The incumbent has been declared the winner in recent elections in one of the world's poorest countries, Mali. Saturday, the country's constitutional court declared Amadou Toumani Toure the winner with over 71 percent of the vote. But as in several other countries in Africa where there have been recent elections, there is growing apathy for the democratic process, and for what government can deliver in terms of economic progress. VOA's Nico Colombant reports from our West Africa bureau.
On voting day, was a gentleman. He let a woman vote before him, before he cast his own ballot. At the only polling station where there was much commotion, President Toure finally got to perform his duty.
The result was a foregone conclusion. The man who bills himself as the soldier of democracy won easily.
Elsewhere on voting day on April 29th, there was some confusion about how to vote. There was also a general sense of apathy, in this the fourth democratic election since the end of military rule.
Turnout was less than 40 percent.
Many said there was no doubt President Toure, a former military leader back in power since 2002, would win again.
But during the campaign, a former ally and rival candidate, Assembly Speaker Ibrahim Boubacar Keita, attracted large crowds. He called for an end to Mr. Toure's broad-based politics and the start of effective reforms for the common man.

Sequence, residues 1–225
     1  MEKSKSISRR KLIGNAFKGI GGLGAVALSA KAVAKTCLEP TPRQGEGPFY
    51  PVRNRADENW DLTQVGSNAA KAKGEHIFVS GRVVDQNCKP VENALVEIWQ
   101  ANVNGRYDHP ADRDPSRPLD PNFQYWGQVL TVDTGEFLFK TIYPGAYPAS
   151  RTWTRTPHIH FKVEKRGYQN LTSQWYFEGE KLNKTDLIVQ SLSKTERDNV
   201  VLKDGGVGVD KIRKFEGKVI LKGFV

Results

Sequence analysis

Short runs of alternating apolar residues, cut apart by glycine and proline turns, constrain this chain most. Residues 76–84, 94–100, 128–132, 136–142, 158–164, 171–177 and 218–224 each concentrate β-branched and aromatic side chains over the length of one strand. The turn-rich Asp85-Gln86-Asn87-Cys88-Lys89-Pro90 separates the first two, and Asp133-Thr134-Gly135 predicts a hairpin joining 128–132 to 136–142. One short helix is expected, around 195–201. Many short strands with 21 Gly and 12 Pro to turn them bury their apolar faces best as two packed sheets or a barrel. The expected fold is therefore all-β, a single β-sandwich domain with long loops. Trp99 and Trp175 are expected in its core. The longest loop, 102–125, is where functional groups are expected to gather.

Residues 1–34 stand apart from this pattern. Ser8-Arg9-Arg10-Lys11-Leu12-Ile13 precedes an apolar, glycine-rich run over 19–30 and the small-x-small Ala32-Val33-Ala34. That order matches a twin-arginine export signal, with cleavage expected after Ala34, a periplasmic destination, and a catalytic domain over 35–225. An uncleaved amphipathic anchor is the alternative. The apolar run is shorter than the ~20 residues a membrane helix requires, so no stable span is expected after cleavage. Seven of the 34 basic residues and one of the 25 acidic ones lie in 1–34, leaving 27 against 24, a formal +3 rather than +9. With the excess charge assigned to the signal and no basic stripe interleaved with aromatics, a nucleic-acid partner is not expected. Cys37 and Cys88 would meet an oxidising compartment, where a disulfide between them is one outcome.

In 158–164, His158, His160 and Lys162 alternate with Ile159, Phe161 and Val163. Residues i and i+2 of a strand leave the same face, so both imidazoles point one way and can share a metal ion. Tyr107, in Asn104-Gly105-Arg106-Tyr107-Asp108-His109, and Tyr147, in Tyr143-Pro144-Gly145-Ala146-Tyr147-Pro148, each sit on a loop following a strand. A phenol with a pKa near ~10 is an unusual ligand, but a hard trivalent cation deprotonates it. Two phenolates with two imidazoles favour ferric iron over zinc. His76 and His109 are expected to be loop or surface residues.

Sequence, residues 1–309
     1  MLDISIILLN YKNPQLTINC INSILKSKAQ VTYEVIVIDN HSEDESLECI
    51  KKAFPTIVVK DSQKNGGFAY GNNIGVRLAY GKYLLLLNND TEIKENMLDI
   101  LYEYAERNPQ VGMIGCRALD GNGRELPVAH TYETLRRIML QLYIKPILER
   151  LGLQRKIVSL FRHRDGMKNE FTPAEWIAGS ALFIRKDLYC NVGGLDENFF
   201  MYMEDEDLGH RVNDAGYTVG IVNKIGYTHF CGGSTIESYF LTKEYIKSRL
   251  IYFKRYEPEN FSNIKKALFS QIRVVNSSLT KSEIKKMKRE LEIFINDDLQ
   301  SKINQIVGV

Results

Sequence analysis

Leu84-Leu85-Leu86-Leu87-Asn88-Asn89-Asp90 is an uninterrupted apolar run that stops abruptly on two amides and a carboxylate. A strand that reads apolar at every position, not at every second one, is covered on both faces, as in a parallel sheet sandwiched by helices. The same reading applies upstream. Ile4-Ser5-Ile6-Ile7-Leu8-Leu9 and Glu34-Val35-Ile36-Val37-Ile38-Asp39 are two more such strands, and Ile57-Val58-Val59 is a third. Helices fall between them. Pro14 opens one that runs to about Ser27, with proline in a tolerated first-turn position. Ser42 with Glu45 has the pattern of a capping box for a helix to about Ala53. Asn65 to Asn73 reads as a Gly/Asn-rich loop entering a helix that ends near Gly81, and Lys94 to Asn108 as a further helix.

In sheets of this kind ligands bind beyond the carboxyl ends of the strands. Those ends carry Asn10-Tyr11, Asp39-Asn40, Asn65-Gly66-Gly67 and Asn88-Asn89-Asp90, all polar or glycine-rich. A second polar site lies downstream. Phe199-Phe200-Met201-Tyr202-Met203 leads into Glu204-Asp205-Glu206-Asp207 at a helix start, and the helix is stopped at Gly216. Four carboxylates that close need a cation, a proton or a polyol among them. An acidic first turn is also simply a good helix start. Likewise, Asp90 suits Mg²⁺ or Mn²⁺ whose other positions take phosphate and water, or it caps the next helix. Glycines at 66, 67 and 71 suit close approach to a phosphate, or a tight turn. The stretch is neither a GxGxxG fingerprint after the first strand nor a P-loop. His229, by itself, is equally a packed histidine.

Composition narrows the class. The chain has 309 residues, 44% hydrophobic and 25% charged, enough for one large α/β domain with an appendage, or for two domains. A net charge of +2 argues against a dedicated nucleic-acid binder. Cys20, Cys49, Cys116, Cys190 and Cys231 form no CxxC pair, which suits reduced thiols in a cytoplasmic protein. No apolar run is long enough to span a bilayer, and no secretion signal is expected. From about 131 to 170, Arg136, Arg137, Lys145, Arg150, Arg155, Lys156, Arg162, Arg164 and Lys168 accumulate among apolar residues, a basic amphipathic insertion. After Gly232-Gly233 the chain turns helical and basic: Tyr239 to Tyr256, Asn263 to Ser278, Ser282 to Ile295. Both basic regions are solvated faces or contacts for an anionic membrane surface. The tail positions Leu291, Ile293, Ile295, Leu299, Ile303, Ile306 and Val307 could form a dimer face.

His message seemed to strike a chord with many unemployed men, including Ibrahima Fadiga. He says no one has enough money to buy food, electricity, water. He says all the government promises are false.
The opposition pulled out all the stops to build on frustration also shared by this man, Ali Babily. He said he was ashamed Mali is 175th out of 178 countries in the human development index, even after war-torn Sierra Leone and Liberia. He said people had hope in the new government, but that now everyone is disappointed.
It seems there are several speeds to Mali's economy. Overall, growth is above five percent.
Peaceful elections attract hundreds of millions of dollars in aid to build new roads, schools and hospitals. But little gets built, and unemployment is still a grim reality, affecting more than half the adult population.
Many young people face an uncertain future of idleness and disease. It seems Mali, like many parts of West Africa, is slowly consolidating democracy but still stagnant in under-development.